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Network Configuration and Network Topologies

There are a variety of Network Configurations. It could be single

user versus multi-user; client-server; peer-to-peer; centralised; or
Single User Versus Multi-user
Single user systems are networks in which workstations designed for use by
one individual. Thus another person is not free to just long on to another
machine using their username and password. This might be preferable in
networks where security is a primary consideration. However if a users
machine goes down, it might be some time before that user is able to do any
useful work.
Multi-user systems may be networks where more that one users share a
workstation or are able to share a workstation. They might have a shared
username and password. It may also be that they all have their own
username and password but are able to use them at almost any work station
as the need arises. So even though each user might have their own
workstation, this might be necessary when users tend to move around the

This could be used in a database server, serving multiple workstations.
Using a client/server model reduces the amount of network traffic; provides
faster response times; gives greater data security; and reduces costs because
the workstation does not need to be as powerful. One or more computers act
as server(s) to the other computers on the network.

When a small number of computers need to be connected and security is not
an issue, then peer-to-peer is an appropriate configuration to use. It simply
attaches the computers to a LAN and makes the facilities of each computer
available to any other computer on the LAN. This is a cheap and simple
way to allow different computers to share resources such as printers and

files. Each computer stores files on its own storage device. Each computer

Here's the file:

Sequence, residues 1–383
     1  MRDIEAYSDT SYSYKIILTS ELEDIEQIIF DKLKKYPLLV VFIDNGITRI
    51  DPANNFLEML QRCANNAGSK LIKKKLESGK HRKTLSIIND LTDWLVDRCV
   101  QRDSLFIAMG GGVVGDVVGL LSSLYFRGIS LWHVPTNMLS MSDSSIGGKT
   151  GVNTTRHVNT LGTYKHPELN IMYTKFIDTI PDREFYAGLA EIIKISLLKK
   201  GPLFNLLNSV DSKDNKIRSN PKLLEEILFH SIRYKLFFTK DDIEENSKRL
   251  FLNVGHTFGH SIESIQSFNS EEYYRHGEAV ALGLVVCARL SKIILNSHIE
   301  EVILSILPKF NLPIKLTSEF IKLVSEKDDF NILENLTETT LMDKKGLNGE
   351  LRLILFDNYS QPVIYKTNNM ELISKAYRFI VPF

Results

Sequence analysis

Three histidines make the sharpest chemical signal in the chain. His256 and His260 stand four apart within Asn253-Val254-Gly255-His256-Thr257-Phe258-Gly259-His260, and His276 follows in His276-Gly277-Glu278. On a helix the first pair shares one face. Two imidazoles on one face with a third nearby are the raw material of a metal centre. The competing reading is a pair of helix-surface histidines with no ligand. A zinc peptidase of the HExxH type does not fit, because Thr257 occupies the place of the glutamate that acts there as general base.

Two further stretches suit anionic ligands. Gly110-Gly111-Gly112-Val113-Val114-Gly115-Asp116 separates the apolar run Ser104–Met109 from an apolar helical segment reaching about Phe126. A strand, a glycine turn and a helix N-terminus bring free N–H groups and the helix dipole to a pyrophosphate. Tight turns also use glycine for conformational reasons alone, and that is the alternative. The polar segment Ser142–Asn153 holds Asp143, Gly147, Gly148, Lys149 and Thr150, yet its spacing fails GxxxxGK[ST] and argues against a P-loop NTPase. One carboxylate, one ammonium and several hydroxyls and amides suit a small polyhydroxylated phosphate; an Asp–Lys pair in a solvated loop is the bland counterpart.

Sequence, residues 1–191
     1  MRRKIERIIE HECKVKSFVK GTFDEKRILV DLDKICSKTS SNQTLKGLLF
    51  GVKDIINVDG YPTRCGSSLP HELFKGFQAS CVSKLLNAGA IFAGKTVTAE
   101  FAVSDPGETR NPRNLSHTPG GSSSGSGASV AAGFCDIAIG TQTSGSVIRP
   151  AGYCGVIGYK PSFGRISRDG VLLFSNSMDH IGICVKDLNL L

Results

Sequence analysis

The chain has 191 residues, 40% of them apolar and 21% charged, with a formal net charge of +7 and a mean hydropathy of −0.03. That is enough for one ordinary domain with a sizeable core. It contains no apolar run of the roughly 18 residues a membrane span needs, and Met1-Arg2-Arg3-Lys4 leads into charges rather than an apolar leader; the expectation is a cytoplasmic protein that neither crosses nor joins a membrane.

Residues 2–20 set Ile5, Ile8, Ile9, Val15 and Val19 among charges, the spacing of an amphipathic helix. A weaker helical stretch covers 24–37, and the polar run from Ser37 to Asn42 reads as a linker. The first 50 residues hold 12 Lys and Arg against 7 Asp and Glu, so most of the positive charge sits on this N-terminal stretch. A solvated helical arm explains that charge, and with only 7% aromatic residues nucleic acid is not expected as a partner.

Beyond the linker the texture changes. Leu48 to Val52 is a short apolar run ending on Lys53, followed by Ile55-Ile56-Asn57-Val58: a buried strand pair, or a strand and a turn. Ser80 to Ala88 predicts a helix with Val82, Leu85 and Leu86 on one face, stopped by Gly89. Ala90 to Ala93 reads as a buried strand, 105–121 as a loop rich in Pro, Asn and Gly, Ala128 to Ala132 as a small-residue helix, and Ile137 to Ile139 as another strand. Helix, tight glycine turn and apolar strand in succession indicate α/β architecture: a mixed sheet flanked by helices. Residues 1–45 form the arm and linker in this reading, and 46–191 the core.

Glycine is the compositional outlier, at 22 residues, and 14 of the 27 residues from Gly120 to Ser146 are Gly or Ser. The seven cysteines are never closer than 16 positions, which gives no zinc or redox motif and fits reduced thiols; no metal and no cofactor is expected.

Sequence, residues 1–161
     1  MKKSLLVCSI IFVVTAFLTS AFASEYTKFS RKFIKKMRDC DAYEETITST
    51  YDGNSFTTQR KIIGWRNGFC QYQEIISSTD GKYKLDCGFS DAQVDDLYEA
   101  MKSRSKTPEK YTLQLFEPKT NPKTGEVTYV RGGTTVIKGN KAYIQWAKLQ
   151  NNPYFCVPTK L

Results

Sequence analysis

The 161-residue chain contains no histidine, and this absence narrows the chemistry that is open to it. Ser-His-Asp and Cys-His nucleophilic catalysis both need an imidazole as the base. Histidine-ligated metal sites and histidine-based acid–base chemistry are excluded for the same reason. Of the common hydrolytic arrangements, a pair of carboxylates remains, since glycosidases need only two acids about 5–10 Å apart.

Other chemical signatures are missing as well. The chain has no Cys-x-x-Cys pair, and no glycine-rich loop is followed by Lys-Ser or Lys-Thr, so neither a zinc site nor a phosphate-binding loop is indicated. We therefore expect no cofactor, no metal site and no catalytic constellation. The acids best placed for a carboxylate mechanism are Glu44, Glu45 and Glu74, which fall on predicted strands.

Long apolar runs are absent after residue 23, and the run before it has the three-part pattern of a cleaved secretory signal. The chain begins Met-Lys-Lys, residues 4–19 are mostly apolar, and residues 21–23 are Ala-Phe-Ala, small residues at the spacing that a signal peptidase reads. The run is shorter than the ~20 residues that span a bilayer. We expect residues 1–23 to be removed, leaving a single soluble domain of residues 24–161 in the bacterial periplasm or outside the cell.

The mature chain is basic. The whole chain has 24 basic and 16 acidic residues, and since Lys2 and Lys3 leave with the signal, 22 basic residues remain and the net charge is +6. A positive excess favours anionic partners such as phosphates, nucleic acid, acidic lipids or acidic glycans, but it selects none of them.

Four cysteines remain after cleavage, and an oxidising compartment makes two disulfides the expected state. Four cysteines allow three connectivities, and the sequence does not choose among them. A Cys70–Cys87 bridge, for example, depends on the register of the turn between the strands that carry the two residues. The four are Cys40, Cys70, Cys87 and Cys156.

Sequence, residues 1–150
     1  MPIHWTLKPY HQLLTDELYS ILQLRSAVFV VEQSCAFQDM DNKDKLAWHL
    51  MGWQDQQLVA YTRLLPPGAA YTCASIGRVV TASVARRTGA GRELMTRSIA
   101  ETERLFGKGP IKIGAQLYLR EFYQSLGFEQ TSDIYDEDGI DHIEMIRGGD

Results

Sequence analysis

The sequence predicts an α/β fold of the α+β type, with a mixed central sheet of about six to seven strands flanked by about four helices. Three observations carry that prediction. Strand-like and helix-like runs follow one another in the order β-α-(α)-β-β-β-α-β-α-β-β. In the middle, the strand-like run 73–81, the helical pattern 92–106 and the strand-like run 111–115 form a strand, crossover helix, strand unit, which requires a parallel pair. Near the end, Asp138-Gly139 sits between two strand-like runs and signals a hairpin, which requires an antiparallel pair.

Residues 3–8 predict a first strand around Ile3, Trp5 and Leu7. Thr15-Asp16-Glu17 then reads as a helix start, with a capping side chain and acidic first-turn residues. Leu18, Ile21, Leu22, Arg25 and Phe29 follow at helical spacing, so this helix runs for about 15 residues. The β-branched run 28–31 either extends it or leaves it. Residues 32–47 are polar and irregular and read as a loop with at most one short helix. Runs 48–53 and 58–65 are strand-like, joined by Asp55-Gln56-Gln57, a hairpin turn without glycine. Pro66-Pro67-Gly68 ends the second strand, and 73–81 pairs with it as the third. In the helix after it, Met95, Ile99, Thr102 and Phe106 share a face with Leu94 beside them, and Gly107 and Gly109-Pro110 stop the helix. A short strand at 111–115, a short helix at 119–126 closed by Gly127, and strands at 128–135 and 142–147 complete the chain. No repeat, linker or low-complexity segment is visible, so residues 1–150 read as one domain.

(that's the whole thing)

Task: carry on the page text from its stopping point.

has both network operating system and application software.

Distributed systems allow one to organize computer systems together, that
hold data at various locations and combine them together to produce useful
information. In this manner systems can use the combined power of several
computers to produce the results. The most common protocol or distributed
systems is a client/server protocol. Basically the client computer requests a
service from a server. The server processes the results and returns the
results. On one network there might be several servers.

There are many network topologies to choose from; in fact a

network may consist of a combination of different segments. It
could use bus; star; ring; hybrid; Carrier Sense Multiple Access
(CSMA) or Fiber Distributed Data Interface (FDDI).
A bus network uses a common cable to connect all the computers. The
advantages are that: it is a very cheap means of networking as it uses the
minimum of cable; and it is easy to add or remove computers. It is cheaper
to implement than a star network because there is often less cable required.
These however can never be totally secure as data from one workstation
must pass many others. This should not be a problem under normal
circumstances; however it is quite possible for hackers to illegally
interrogate the packets of data as they go by. It is much harder to hack a star
network. Disadvantages are if the main cable fails, the network goes down;
it can take time to isolate faults; and the network degrades dramatically
when highly loaded. This is because everybody is sharing the same
communication link unless the bandwidth is high. This may be further aided